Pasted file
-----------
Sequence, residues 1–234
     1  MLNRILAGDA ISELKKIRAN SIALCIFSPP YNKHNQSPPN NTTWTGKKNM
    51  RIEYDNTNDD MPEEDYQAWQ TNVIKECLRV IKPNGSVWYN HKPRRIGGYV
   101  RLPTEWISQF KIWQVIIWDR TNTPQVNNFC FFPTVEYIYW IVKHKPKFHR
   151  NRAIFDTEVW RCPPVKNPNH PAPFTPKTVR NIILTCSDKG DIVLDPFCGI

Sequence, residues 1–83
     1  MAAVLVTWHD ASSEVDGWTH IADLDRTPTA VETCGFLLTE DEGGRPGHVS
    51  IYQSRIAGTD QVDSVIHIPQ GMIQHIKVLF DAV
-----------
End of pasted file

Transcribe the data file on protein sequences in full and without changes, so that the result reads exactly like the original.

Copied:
Sequence, residues 1–234
     1  MLNRILAGDA ISELKKIRAN SIALCIFSPP YNKHNQSPPN NTTWTGKKNM
    51  RIEYDNTNDD MPEEDYQAWQ TNVIKECLRV IKPNGSVWYN HKPRRIGGYV
   101  RLPTEWISQF KIWQVIIWDR TNTPQVNNFC FFPTVEYIYW IVKHKPKFHR
   151  NRAIFDTEVW RCPPVKNPNH PAPFTPKTVR NIILTCSDKG DIVLDPFCGI

Sequence, residues 1–83
     1  MAAVLVTWHD ASSEVDGWTH IADLDRTPTA VETCGFLLTE DEGGRPGHVS
    51  IYQSRIAGTD QVDSVIHIPQ GMIQHIKVLF DAV